How can I request a second opinion?
Second opinion to your GP
You can book an appointment with a different GP within the same surgery. If you don’t have more than one GP at your surgery, you can register at a new surgery.
Second opinion to your hospital specialist
You should speak to your GP. They’re able to refer you to another specialist, either on the NHS or privately.
The specialist will be told it’s for a second opinion, and they’ll be sent any relevant test results and scans you’ve already had. This doesn’t mean they’ll automatically take over your care. If you wish to be treated by the new consultant, arrangements will need to be made with the doctors and hospital.
Alternatively, you can discuss having a second opinion with your current hospital specialist or consultant.
How long will I have to wait for a second opinion?
It’s important to remember that getting a second opinion might postpone treatment. Check with your doctor whether postponing any treatment could cause harm.
Getting a second opinion can delay your treatment because:
- you’ve already seen a doctor, so you may have to wait longer for an appointment
- a second opinion with a different doctor or consultant will usually be at a different hospital, which could involve some travelling
- getting your medical information from one doctor to another can cause a delay.
When you go for your second opinion, it can help to be prepared.
- Think about what questions you want to ask.
- If you can get copies of, or access to, your electronic files, these can help when talking to the new specialist.
- Take someone with you to get the most out of the appointment. They could write down the answers to your questions so you don’t have to remember them.
You might also be interested in our trusted online app, BRIAN. BRIAN allows you to record your entire brain tumour experience in one place, including symptoms, treatments and side-effects, which you can use to help your discussions with healthcare professionals.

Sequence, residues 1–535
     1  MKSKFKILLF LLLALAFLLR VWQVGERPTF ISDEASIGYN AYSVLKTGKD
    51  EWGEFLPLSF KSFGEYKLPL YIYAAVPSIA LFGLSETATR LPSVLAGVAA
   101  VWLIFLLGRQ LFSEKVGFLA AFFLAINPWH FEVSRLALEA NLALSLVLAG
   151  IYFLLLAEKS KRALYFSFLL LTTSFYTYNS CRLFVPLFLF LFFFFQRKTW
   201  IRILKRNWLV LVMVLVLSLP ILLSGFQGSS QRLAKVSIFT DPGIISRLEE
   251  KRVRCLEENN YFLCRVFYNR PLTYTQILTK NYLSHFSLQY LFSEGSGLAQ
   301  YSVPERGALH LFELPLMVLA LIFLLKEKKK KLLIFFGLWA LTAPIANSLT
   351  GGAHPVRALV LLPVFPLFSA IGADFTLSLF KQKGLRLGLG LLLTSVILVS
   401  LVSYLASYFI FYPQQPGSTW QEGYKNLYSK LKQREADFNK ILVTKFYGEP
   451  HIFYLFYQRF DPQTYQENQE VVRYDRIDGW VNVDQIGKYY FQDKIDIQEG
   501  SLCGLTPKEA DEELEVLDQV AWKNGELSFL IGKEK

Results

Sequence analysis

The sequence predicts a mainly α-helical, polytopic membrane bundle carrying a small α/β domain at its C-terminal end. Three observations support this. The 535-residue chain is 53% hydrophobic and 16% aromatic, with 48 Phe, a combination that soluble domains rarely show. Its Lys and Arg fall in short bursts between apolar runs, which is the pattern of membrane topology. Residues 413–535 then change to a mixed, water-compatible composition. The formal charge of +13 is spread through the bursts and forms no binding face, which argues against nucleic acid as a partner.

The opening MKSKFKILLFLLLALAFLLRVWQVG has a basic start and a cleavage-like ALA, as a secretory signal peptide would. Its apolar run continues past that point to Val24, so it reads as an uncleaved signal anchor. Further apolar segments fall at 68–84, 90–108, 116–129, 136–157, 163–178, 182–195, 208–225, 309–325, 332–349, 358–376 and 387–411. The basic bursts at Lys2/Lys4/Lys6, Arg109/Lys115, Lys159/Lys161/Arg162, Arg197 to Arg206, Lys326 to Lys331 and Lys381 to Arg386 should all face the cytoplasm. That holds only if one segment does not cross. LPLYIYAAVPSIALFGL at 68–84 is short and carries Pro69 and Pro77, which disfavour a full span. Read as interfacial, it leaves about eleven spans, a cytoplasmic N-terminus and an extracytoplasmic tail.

Tips from our community
“It’s important that you don’t have any major outstanding worries about whether you are going down the right path with your treatment or not. Getting a second opinion gave me piece of mind and now I feel confident with where I am heading.”
“We got a second opinion and it was the best decision that we made. It doesn’t hurt to get another consultant’s view on things and most of them don’t mind.”
“My second opinion was definitely worth it! The second consultant disagreed with the first and felt my tumour was operable and that this would be in my best interest due to it’s location. Relieved isn’t the word!”
“I saw getting a second opinion as a chance to get the breadth of knowledge and expertise from multiple people. I didn’t distrust my first consultant, but welcomed guidance from more than one team to help decide on the best management of my tumour.”
By joining one of our our Online Support Communities, you can get more tips about living with or beyond a brain tumour diagnosis from people who truly understand what you’re going through.
Support and Information Services
You can also join our active online community.
In this section
If you need someone to talk to or advice on where to get help, our Support and Information team is available by phone, email or live-chat.